There’s a very common pattern surrounding dental check-ups. Chances are, you were told at your last appointment that you should brush and floss more. If this sounds familiar, don’t worry—you’re not alone.
Vitamin D is a steroid hormone that produced primarily by sunlight exposure or obtained from dietary sources, including supplements. The persons who are normally at risk of Vitamin D deficiency are those with scarce of sun exposure and diminished intestinal absorption or limited oral intake. Teeth are nothing but mineralized structure which is enclosed by alveolar bone and are developed by 3 different hard tissues such as dentin, enamel, and cementum. Vitamin D plays a predominant vital part in the tooth and bone mineralization, and it can result in rachitic tooth when the levels get unregulated. Studies suggest that Vitamin D deficiency causes hypocalcified dentin and delayed tooth eruption; thus, representing that Vitamin D has a crucial role in dentin formation as well. The beneficial effects of vitamin D on oral health are not only limited to the direct effects on the tooth mineralization but are also applied through ability to stimulate the production of anti-microbial peptides. In this article, we will briefly discuss the influence on Vitamin D level on the oral and pulpal health.
Vitamin D is a steroid hormone that is obtained through diet or synthesised in the skin from cholesterol when the skin receives adequate sun exposure (the main means of obtaining the vitamin). Unfortunately, exposure to direct sunlight has declined dramatically in today’s society with the increase in the number of office jobs. Furthermore, as we grow older, our ability to absorb vitamin D decreases. Vitamin D deficiency is a global public health problem, affecting all age groups. Recent studies have shown that about 70% of society is deficient in vitamin D.1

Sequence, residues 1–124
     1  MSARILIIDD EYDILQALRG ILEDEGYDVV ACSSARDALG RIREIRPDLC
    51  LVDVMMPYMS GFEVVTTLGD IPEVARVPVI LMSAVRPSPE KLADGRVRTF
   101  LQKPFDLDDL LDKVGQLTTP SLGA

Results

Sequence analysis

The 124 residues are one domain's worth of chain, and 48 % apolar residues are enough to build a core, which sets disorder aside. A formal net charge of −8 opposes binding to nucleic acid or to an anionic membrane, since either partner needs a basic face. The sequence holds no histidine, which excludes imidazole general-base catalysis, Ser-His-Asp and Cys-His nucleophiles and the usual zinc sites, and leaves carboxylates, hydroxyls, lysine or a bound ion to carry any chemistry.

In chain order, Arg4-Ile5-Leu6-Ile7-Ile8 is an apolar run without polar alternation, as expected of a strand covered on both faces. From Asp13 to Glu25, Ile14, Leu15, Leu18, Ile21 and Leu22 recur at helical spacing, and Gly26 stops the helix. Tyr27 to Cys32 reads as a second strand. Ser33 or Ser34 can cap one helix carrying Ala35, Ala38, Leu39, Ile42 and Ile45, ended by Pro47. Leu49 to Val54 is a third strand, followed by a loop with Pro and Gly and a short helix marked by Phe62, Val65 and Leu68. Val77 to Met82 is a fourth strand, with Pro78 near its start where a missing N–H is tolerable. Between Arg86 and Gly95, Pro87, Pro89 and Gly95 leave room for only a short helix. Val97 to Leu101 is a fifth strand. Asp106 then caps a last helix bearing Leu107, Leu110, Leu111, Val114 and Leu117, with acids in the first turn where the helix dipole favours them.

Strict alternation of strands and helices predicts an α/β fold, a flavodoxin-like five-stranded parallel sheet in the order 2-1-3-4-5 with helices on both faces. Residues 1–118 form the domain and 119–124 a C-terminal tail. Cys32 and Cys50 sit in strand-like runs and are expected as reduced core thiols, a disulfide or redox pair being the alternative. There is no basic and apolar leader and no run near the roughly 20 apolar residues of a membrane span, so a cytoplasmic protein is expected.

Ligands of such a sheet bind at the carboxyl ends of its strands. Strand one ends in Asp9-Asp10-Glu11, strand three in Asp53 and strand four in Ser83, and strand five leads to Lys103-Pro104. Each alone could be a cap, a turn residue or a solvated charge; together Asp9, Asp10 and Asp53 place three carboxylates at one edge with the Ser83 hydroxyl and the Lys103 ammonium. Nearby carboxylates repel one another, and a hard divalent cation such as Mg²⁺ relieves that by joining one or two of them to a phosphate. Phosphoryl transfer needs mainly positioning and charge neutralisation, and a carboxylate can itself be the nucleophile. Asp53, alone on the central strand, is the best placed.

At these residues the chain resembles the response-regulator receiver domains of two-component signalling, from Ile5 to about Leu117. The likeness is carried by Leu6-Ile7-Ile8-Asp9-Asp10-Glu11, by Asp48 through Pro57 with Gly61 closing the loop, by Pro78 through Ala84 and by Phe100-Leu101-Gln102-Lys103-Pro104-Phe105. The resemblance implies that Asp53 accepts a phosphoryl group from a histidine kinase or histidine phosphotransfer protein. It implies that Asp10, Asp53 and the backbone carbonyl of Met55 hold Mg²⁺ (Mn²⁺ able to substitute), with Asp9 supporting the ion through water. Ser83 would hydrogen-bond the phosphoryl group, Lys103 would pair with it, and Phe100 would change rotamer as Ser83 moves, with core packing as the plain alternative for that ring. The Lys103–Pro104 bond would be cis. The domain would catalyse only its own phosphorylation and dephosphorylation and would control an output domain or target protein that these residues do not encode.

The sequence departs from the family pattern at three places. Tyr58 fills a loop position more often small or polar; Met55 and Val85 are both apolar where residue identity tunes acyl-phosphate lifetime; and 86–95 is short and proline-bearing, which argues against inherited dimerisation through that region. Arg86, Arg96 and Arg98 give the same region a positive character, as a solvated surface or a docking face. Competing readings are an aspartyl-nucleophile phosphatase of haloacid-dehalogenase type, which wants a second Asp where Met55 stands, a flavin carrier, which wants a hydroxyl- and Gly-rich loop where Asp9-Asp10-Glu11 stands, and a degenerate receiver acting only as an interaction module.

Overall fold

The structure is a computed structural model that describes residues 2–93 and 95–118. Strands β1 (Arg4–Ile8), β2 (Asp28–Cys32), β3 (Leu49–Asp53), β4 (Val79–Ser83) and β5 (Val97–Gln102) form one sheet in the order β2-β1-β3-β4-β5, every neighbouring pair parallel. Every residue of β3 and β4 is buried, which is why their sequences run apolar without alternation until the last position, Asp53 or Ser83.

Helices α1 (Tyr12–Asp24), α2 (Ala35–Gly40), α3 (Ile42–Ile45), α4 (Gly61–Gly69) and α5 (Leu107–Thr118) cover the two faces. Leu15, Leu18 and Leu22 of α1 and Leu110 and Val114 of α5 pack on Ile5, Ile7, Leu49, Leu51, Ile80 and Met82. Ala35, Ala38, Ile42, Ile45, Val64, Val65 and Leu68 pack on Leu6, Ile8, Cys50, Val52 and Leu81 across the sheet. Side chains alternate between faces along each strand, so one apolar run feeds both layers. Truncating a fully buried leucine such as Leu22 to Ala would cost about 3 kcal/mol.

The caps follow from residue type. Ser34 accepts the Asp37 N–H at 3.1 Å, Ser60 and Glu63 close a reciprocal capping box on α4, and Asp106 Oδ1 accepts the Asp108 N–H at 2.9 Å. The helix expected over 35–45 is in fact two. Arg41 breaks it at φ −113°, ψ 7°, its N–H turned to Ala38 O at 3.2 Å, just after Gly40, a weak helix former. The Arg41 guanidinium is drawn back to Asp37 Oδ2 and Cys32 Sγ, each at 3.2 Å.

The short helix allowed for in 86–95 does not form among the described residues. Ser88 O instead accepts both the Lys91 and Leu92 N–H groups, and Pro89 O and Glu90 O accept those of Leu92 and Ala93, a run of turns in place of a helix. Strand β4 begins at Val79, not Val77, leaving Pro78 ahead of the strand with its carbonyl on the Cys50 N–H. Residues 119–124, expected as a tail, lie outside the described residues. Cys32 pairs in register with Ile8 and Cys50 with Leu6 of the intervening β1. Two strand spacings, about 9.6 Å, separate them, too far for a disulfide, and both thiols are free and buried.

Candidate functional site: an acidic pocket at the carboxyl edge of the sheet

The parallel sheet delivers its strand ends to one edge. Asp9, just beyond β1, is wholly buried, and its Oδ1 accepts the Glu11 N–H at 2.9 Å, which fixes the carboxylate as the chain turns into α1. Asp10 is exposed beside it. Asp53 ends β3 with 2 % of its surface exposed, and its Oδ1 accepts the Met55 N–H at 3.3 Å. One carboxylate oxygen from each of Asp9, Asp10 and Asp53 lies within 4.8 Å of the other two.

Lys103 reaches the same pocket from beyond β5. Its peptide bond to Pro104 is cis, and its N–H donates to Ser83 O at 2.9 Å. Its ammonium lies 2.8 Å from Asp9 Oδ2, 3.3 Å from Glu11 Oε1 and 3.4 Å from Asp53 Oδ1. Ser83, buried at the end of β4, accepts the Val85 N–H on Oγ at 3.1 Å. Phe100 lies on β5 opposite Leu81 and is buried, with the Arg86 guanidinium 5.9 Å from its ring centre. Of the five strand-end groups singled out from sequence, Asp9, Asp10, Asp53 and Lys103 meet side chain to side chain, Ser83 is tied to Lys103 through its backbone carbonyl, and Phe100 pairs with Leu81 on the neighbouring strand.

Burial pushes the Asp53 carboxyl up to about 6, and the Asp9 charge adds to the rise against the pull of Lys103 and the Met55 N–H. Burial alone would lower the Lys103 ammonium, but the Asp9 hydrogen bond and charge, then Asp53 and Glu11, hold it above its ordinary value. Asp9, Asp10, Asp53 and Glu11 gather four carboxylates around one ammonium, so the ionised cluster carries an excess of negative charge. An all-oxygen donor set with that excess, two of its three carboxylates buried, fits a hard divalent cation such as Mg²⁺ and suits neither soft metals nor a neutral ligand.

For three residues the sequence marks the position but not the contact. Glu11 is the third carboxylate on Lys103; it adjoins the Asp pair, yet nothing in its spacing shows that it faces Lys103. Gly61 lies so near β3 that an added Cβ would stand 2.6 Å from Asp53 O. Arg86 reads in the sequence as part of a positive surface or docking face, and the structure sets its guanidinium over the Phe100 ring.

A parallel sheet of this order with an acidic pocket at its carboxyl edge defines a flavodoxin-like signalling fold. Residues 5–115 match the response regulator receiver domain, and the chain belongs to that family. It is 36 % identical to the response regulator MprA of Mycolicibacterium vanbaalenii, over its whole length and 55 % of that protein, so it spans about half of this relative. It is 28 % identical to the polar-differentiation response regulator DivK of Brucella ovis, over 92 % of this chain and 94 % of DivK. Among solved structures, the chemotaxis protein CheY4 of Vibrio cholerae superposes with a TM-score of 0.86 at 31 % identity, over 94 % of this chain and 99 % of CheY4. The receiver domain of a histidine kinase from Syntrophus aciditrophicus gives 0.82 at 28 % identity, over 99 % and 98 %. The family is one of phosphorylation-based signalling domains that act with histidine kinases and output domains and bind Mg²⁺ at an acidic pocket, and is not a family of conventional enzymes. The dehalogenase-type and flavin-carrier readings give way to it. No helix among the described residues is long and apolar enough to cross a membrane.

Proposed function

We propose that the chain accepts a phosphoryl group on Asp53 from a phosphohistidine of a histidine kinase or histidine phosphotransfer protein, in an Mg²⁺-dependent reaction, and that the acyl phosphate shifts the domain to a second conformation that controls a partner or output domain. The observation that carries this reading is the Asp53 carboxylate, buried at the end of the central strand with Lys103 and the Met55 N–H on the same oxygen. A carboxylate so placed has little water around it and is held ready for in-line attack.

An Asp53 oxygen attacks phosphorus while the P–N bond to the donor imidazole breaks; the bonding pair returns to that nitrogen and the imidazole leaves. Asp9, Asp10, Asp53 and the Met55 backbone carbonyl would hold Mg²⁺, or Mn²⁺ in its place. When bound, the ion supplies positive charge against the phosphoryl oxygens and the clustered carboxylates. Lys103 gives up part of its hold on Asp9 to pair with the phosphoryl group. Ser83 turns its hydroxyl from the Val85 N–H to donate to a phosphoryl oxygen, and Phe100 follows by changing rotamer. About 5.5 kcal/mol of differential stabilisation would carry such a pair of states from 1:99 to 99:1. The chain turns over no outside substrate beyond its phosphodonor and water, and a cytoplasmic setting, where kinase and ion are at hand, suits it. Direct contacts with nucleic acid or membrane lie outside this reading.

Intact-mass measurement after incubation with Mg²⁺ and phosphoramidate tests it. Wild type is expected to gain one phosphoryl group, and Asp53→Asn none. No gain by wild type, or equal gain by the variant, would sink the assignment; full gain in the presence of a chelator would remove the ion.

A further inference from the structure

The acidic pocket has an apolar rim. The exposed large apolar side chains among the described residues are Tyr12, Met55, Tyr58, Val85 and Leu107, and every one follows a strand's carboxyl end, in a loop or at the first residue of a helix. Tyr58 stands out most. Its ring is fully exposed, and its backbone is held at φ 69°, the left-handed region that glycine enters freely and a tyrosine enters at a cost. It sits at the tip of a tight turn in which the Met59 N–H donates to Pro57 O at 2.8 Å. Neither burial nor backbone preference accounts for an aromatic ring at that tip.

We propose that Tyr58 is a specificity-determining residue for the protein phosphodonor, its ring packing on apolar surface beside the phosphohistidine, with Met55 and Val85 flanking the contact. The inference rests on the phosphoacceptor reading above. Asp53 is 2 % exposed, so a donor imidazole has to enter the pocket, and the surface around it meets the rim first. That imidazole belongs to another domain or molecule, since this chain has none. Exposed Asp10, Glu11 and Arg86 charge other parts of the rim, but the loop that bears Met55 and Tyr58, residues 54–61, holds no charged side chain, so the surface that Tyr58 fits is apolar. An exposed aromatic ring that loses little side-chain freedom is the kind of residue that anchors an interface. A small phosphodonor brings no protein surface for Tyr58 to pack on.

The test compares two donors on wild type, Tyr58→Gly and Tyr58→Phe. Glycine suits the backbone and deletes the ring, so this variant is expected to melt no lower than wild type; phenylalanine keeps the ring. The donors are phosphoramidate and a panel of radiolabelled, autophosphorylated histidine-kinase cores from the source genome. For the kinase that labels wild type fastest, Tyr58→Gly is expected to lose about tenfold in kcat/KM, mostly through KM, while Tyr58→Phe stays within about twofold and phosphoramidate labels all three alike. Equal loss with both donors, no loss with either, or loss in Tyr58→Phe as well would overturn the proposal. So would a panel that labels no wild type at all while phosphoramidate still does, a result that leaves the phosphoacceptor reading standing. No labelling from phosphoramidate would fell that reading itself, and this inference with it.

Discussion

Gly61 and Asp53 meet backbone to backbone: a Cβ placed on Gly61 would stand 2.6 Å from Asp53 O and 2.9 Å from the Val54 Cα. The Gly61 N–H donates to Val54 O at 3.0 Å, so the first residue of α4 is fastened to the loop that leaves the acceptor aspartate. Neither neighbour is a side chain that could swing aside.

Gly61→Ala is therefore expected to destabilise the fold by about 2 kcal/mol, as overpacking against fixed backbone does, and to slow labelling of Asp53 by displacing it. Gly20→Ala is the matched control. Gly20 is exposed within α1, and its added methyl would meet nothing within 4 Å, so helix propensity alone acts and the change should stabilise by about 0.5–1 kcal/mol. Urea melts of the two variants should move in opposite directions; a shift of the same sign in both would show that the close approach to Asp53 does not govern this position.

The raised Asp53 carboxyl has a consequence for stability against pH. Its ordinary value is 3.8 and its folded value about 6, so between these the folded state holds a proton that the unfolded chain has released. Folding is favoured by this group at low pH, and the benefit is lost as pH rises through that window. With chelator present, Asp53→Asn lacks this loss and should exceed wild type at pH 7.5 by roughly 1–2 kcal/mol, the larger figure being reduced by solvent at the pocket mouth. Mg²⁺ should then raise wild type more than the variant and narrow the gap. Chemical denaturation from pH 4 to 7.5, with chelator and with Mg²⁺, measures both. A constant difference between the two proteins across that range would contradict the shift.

The potential role of VDR gene variations in modulating periodontal susceptibility have been a subject of scientific investigations. The aim of this paper is to perform a literature review of the potential correlation between Vitamin D Receptor (VDR) gene polymorphisms and periodontal disease.
Vitamin D (VD) levels have been gaining growing attention in Oral Health. During growth and adulthood, VD deficiency (VDD) is associated with a wide variety of oral health disorders, and impaired VD synthesis may expedite some of these conditions. In children, severe VDD can induce defective tooth mineralization, resulting in dentin and enamel defects.
How does a patient’s vitamin D intake (or lack thereof) affect the success or failure of the person’s implant? More research is being done on this topic. Michael Foley of Dentamedica elaborates.
First appeared in print edition of Dentistry Today | April 1, 2020 | Volume 39 No. 4 | pg. 72-29 Introduction Dental implants are generally considered a safe and highly predictable surgical procedure performed by many clinicians with the aim of replacing missing teeth. Yet, to this day, a number of implants placed in adequate […]
First published online at Perio-Implant Advisory | February 3, 2020 Dr. Scott Froum explains how vitamin D deficiency can adversely affect wound healing after dental surgery and alter implant success rates. He advises about adequate levels of the vitamin and discusses its importance to periodontal health. Vitamin D in its inactive form (vitamin D3 or cholecalciferol) […]